There is a lot of talk throughout the Eagles organization and the NFL about how Offensive Coordinator Marty Mornhinweg will handle the quarterback transition from six time Pro Bowl Donovan McNabb to the relatively unknown Kevin Kolb.
Since he has become the play caller for the Eagles (that's up for debate) Marty Mornhinweg has had his ups and downs, fans have cried for him to be fired for his play calling and his offense not being aware at times but he has also had great success as the Eagles offensive coach.
Take the 2009 season for instance.
Last season the Philadelphia Eagles offense scored more points than they have ever done in franchise history, scoring a total of 429 points. This also includes the 2004 season.
That's all great stuff but what proof is there that Mornhinweg can take an unknown player like Kevin Kolb and turn him into a great west coast offense quarterback?
In fact, it was when he was a coordinator for the 49ers in the late 1990s that Mornhinweg was faced with grooming the (then) young Jeff Garcia after Steve Young got hammered by Arizona Cardinals CB Aeneas Williams and suffered his final concussion of his professional career.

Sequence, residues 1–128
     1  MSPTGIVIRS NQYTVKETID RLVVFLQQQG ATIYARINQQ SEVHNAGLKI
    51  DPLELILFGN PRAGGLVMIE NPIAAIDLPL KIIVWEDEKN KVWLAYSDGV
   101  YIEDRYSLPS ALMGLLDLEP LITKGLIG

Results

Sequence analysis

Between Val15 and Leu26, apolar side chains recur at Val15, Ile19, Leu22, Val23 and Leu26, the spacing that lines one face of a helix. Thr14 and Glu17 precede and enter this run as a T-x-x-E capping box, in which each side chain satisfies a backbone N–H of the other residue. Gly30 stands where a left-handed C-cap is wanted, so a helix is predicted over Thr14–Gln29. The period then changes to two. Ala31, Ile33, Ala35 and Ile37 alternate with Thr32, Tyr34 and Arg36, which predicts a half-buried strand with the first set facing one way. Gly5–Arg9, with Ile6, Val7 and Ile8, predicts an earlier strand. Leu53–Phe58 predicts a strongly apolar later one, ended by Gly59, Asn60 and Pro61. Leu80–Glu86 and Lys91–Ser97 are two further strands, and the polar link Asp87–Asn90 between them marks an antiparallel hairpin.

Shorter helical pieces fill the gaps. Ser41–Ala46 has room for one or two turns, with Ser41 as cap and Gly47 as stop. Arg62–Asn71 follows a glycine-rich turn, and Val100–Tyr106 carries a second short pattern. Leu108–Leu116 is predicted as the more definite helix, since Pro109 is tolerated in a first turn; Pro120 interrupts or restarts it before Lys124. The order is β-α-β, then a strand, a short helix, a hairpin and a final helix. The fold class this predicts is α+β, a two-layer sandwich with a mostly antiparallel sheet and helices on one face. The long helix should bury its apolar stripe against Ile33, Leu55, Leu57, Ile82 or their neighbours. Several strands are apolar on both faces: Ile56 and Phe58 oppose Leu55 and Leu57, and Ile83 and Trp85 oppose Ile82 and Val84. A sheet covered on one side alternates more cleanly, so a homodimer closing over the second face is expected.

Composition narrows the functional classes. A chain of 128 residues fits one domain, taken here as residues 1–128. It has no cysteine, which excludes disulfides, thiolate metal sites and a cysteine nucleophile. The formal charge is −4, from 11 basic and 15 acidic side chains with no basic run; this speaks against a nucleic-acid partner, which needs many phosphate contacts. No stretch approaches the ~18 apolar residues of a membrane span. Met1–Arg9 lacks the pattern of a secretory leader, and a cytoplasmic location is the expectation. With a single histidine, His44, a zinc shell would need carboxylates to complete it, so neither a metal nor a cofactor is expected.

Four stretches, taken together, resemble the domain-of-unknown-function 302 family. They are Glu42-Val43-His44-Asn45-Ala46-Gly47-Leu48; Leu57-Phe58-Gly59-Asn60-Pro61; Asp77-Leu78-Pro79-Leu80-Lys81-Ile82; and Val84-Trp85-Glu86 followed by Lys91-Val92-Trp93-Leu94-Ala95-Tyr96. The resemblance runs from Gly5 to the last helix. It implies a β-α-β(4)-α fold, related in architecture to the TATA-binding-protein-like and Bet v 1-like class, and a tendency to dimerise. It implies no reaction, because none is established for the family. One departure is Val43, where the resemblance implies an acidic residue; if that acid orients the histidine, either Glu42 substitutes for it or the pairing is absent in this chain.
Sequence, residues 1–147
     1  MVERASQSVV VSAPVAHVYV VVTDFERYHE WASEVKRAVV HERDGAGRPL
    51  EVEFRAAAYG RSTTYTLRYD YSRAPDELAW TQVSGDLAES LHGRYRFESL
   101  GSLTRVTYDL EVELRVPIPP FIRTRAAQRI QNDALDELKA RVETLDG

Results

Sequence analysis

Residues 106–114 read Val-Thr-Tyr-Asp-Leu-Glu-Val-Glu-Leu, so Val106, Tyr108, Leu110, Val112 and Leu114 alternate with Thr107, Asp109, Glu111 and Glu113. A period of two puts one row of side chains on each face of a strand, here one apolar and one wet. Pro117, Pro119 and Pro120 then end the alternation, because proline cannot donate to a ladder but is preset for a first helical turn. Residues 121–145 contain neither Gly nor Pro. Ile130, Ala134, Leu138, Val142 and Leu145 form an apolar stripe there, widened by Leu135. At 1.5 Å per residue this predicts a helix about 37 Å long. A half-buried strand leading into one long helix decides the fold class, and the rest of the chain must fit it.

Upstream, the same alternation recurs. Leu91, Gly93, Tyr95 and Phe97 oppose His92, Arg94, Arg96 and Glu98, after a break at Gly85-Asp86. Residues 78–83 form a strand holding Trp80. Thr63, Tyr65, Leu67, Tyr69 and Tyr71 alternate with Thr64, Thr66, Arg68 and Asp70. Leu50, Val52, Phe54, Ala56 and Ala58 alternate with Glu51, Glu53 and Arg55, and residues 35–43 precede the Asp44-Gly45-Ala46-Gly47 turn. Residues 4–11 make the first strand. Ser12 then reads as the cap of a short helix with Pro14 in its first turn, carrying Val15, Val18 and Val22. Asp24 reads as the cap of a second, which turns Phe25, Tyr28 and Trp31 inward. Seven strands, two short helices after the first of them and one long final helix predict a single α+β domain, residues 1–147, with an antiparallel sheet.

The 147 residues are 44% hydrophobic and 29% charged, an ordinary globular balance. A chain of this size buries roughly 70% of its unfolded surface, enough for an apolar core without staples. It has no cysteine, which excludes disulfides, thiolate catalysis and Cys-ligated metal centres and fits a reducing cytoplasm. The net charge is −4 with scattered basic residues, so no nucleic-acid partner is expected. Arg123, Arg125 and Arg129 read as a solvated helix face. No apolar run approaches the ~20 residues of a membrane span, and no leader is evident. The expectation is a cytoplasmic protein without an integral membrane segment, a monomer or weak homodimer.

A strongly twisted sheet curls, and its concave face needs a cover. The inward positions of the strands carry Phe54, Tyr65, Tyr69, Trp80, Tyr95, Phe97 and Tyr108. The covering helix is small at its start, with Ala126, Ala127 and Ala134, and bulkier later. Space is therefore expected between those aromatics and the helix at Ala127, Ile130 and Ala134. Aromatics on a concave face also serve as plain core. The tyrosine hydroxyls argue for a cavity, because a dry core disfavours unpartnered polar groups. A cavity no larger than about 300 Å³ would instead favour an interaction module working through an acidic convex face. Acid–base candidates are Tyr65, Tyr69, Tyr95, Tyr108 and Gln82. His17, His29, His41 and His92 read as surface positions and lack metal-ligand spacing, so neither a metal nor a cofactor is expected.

In his first NFL start against the Tennessee Titans, Garcia notched his first win in that game with a final score of 24-22. He did get benched for multiple poor performances but was reinstated as the Niners starting QB in the final five games of the regular season notching eight TDs against only two INTs.
Sounds a lot like the Philadelphia Eagles 2006 season doesn't it!
In case there are some out there that don't know, Jeff Garcia appeared in the Pro Bowl four times—during the 2000, 2001, 2002, and 2007 seasons but he was never a part of a Super Bowl winning team.
Is it fair to believe that Marty Mornhinweg can't turn Kevin Kolb into a Super Bowl winning QB based solely off of his prior record? Or is it simply Jeff Garcia didn't have the ammo to ever win the big game?
Garcia had his weapons in 2000 to say the least.
He had players like RB Charlie Garner who ran for 1,142 yards and seven TDs, two WRs who were both passing threats in young and emerging Terrell Owens (1,451 yards, 13 TDs) and the aging but still productive Jerry Rice (805 yards, seven TDs).
Garcia also had TE Greg Clark (342 yards, two TDs) which by today's standards aren't great numbers, but back then they were decent enough numbers to consider him a threat.
Marty Mornhinweg definitely has his experience in grooming a young QB into a great QB but he hopes to have a much different end result with Kolb than he did with Garcia—win a Super Bowl.